By Ross Clark. March 31. 2021
Should we believe the World Health Organisation report into the origins of the Sars-CoV-2 virus which, as expected, dismissed the possibility of a laboratory accident and promoted the theory that the virus was imported from overseas via frozen foods? The first thing to note is that the report does not claim to be independent – it is billed as the ‘Joint WHO-China study’. It deserves to be read as such: as the product of an undemocratic government that has every incentive to deflect responsibility for a pandemic which has, to date, registered 2.7 million deaths globally.
The report puts forward four hypotheses: that the disease was the result of direct zoonotic transmission from an animal, most likely a bat; that it arrived via an intermediate animal host; that it arrived via frozen seafood imported from abroad; that it occurred as a result of a laboratory accident. The second of these hypotheses is considered the most likely. The third is deemed to be ‘possible’ while the last is dismissed as ‘extremely unlikely’. Independent readers might well come to a different conclusion about the relative likeliness of the latter two.
The study’s reasoning behind labelling the frozen food hypothesis as ‘possible’ is as follows. It states: ‘The supply chains to Huanan market included cold-chain products and animal products from 20 countries, including those where samples have been reported as positive for Sars-CoV-2 before the end of 2019 and those where close relatives of Sars-CoV-2 are found.’ It prefers this explanation to the possibility that the virus arrived at the market via domestically-produced live food on this basis: ‘There is evidence that some domesticated wildlife the products of which were sold in the market are susceptible to Sars-CoV, but none of the animal products sampled in the market tested positive in this study. In the early phase of pandemic, due to lack of awareness of the potential role of cold chain in virus introduction and transmission, the cold-chain products were not tested.’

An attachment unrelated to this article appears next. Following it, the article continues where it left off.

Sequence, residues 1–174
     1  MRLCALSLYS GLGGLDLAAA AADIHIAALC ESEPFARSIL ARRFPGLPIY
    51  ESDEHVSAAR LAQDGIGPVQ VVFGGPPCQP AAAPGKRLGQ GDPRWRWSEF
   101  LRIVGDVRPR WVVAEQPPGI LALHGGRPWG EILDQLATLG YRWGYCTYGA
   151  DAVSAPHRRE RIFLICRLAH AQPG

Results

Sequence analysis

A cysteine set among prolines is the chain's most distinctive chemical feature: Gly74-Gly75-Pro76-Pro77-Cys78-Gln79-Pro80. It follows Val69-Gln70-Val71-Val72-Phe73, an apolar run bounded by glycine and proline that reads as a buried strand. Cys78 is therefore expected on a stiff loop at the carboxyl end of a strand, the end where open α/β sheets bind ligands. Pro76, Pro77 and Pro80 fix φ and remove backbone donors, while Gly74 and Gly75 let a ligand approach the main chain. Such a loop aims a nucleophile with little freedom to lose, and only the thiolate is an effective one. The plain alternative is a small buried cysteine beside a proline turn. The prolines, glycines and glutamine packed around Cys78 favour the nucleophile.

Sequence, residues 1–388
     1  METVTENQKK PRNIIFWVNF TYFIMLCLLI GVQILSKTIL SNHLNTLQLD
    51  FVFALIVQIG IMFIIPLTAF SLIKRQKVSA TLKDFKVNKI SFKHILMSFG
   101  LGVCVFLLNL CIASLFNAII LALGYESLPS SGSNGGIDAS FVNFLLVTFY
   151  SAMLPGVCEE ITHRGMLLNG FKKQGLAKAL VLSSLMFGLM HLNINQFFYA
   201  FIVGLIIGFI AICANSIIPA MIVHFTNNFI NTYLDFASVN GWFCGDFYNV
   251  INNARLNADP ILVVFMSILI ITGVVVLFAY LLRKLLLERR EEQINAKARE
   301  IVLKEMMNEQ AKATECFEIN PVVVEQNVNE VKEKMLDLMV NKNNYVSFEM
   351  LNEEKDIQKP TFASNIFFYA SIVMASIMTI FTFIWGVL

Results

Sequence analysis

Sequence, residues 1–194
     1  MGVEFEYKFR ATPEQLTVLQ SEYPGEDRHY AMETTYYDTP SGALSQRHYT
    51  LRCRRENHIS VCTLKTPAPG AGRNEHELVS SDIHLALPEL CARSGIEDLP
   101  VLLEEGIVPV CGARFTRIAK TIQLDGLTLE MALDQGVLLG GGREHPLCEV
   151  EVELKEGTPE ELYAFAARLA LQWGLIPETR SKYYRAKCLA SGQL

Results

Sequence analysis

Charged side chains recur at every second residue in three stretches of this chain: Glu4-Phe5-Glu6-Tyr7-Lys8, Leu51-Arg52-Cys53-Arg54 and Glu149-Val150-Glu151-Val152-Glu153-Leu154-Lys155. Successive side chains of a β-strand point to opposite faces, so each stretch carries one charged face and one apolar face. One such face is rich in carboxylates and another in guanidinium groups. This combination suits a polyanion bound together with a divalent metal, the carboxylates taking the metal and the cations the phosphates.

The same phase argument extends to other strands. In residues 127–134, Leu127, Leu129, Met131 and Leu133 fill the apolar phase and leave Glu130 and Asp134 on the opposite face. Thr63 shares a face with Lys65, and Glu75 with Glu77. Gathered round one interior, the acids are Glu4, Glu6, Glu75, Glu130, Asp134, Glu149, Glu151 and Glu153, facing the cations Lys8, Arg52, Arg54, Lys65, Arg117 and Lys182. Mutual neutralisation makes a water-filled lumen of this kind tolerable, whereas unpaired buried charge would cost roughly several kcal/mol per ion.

It further goes on to support its cases by stating: ‘Since the near-eliminationof Sars-CoV-2 in China, the country has experienced some outbreaks related to imported frozen products in 2020’, and then throwing in the hint: ‘There is some literature suggesting Sars-CoV-2 may have been circulating earlier as indicated by sewage testing in Spain and Italy.’
In other words, we tested animal products for the virus (some time after the first humans became infected) and found none. We didn’t test frozen foods, therefore frozen foods are more likely to be the cause. Moreover, there is faint evidence that the disease may have been in circulation in Europe before it was officially in circulation in China. Therefore, why not look to Europe for its origins? This rather flies in the face of the evidence. While there is some evidence of the virus being in circulation outside China in 2019, as this Cambridge University study explains, Americans who were found to be carrying an early strain of the virus had a history of residence in Wuhan. Moreover, the first serious cases of Covid-19 turned up in Wuhan. It was several weeks before cases of Covid-19 were picked up in the West.
The WHO-China study further argues that a laboratory accident is implausible because biosecurity at the Wuhan Institute of Virology is so tight. The report does, however, contain an interesting nugget: ‘The Wuhan CDC laboratory moved on 2 December 2019 to a new location near the Huanan market. Such moves can be disruptive for the operations of any laboratory.’ In other words, a laboratory that was known to be working with Sars-type viruses, and to have isolated very similar viruses, happened to move one of its laboratories to a building close to a market where, a few weeks later, a disease caused by a novel Sars virus broke out.
You can make your own mind up, and of course we have no proof either way on this theory or on any of the other theories, but does the theory of a laboratory accident really deserve to be dismissed so lightly?